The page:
Music is a form of communication—the communication of feelings and emotions through organized sound. Well-rounded musicians make use of three interrelated and interacting elements—musical techniquemusical intuition, and musical intelligence. You might think of this as a three-legged stool. All three components are necessary for an accomplished musician. Musical technique refers to performance skills or the craft of musical composition. Musical intuition provides us with the creative, imaginative, and emotional aspect of music. Musical intelligence involves multiple capabilities—facility in aural perception and discrimination and in comprehension of the written score; insight into the relations of musical structure, style, and interpretation; understanding of the materials and stylistic elements of music; and so on. This understanding of the language of music is the essence of music theory.

Peterson Theory Class

Information for New Music Students

Members of the music theory area of the School of Music would like to express our pleasure that you might be coming to JMU to study music. Your chance to succeed as a music major substantially increases if you cultivate your skills in the following three areas before your first semester of study:

Master the basics

Be sure you can:

  • Easily read and notate both treble and bass clefs
  • Write basic notation correctly (stems and beams)
  • Understand note durations and time signatures
  • Identify and write major and minor key signatures and scales, interval qualities, triad qualities, 7th chords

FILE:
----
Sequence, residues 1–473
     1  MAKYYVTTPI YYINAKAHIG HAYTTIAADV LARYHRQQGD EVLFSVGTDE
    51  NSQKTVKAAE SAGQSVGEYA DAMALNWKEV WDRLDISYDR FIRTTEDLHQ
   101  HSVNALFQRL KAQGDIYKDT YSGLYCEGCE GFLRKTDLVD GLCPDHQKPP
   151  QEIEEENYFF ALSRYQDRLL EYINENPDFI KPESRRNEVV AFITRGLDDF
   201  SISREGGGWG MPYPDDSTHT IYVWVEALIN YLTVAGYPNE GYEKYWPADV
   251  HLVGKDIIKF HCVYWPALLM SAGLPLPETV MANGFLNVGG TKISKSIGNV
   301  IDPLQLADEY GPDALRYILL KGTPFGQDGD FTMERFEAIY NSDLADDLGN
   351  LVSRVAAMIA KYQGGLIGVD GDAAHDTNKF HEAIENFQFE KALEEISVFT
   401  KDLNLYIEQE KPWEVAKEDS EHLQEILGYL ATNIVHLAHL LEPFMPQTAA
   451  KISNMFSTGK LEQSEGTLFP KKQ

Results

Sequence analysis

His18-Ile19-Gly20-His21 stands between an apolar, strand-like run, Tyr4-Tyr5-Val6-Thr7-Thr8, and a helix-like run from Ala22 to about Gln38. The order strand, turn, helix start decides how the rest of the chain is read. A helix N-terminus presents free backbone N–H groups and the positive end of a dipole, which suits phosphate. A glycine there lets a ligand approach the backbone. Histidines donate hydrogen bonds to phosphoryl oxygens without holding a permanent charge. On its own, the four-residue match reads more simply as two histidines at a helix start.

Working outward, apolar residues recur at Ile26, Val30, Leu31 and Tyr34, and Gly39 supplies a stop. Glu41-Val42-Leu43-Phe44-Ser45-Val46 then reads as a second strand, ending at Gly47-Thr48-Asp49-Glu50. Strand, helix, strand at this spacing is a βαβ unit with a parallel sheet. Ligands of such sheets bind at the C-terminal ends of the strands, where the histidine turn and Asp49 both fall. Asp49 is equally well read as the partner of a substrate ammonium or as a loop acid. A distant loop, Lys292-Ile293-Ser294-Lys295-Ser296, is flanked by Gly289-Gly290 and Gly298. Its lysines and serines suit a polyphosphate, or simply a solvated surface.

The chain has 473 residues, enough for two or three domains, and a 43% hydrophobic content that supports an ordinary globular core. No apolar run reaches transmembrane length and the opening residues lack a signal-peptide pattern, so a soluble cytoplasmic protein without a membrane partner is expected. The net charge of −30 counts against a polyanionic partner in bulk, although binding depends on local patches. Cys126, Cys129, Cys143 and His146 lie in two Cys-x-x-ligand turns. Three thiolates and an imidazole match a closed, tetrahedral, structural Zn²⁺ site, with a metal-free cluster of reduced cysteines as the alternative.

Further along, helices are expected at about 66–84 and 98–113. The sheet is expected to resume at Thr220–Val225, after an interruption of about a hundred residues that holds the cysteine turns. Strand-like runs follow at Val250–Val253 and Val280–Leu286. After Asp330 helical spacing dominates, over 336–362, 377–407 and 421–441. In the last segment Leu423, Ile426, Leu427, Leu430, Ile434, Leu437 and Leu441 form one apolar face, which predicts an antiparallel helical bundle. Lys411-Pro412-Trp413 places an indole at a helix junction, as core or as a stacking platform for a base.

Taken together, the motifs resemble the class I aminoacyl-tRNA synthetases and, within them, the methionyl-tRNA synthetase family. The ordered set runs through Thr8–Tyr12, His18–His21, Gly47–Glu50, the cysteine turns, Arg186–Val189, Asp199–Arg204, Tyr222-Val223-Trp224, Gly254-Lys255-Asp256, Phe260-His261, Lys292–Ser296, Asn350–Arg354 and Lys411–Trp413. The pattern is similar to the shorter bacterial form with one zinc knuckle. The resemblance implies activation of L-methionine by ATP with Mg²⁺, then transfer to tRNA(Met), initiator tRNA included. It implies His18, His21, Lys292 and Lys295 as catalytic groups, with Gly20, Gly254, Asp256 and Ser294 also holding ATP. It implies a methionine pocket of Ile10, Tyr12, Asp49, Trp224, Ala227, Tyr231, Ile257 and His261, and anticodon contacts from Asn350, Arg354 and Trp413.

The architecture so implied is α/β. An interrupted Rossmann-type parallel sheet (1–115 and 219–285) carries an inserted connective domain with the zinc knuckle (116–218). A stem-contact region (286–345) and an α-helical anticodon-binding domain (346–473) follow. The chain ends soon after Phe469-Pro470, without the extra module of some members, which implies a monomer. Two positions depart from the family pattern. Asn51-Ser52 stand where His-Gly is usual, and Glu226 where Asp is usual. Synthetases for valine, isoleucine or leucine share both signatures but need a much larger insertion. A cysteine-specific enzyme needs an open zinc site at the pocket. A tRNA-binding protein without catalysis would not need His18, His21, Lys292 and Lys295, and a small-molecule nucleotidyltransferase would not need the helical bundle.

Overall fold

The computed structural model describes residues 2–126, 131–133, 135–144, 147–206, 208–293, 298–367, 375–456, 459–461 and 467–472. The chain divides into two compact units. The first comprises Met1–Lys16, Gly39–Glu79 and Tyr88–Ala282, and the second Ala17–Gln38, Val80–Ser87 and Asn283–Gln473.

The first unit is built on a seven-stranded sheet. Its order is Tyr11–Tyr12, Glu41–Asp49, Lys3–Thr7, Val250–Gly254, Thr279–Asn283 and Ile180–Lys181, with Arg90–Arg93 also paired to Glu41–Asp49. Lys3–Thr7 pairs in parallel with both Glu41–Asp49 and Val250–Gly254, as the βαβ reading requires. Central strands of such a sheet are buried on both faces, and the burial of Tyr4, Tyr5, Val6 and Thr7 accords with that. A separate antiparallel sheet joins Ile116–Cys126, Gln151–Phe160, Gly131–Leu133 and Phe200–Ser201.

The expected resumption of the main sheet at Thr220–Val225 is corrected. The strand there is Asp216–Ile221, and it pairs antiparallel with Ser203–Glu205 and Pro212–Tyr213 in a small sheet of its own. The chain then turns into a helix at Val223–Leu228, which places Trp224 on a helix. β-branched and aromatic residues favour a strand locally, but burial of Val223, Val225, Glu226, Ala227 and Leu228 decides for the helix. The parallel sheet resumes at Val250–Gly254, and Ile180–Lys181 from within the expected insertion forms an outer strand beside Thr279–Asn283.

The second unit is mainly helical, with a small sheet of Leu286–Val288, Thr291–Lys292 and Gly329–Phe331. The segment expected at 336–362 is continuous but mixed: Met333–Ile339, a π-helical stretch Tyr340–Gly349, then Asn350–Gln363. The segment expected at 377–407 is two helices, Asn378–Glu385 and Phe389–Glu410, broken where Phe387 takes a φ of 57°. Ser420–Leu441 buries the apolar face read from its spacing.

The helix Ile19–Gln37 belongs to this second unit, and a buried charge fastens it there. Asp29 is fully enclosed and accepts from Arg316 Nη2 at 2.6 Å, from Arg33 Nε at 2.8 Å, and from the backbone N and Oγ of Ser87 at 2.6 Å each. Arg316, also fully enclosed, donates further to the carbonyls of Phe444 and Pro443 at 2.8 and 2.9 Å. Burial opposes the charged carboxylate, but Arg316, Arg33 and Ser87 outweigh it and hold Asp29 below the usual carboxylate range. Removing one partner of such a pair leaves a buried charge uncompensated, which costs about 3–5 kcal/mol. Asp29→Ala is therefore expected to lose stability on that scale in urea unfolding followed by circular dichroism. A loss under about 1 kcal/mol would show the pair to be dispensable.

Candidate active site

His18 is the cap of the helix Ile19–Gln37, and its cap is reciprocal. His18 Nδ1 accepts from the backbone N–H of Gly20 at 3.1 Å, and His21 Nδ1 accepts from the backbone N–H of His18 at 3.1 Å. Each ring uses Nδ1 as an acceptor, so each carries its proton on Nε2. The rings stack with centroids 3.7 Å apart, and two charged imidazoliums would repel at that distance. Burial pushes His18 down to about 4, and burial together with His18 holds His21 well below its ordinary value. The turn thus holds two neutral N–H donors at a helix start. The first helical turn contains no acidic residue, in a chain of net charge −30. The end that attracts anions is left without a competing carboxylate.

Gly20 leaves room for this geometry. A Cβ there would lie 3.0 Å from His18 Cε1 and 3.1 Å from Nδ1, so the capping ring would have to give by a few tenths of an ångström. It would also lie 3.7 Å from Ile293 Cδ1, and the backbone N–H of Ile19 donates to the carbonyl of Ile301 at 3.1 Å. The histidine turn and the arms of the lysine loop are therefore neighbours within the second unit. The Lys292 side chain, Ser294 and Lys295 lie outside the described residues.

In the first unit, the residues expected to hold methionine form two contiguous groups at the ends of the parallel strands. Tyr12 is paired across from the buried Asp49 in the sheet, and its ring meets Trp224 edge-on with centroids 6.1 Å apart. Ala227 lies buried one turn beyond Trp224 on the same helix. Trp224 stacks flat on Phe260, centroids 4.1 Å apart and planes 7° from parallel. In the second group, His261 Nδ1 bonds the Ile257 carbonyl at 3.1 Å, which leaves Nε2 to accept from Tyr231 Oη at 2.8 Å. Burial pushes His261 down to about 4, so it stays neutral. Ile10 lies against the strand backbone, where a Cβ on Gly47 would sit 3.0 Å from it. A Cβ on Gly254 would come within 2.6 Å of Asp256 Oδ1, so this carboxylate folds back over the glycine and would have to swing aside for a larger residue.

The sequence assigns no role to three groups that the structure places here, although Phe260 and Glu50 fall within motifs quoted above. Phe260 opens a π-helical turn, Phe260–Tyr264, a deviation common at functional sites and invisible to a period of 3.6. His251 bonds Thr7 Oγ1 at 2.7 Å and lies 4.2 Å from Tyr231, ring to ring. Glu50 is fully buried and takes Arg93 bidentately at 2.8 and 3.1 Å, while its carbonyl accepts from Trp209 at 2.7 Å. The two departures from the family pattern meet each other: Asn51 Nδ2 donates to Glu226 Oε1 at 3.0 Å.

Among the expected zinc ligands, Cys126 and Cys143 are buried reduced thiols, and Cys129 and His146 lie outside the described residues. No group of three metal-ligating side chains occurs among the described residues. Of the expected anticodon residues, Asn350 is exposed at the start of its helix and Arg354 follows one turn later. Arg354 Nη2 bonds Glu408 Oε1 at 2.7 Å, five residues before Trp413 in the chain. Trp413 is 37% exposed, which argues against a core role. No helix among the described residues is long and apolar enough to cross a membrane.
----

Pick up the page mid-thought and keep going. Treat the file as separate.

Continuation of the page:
Becoming fluent in these rudiments is crucial to your success in more advanced music topics.

Develop your ear

Take every opportunity to train your ear. Sing as much as possible (scales, intervals, arpeggiated chords, melodies, etc.). Sight singing and dictation (melodic, rhythmic and harmonic) are important skills in developing the ear. Developing the ear is a lifetime job. The earlier work is started, the better your chances for success.

Practice the keyboard

Keyboard ability is important for the life work of musicians. Students with piano keyboard skills have a head start as music majors.

Music theory, the study of the language of music from both aural and written perspectives, helps musicians develop all three of these skills.

Music Theory Professors and Instructors

Jason Haney

Jason Haney
Professor, Composition/Theory Area Coordinator
Contact Information

Composition Professors and Instructors

Jason Haney

Jason Haney
Professor, Composition/Theory Area Coordinator
Contact Information

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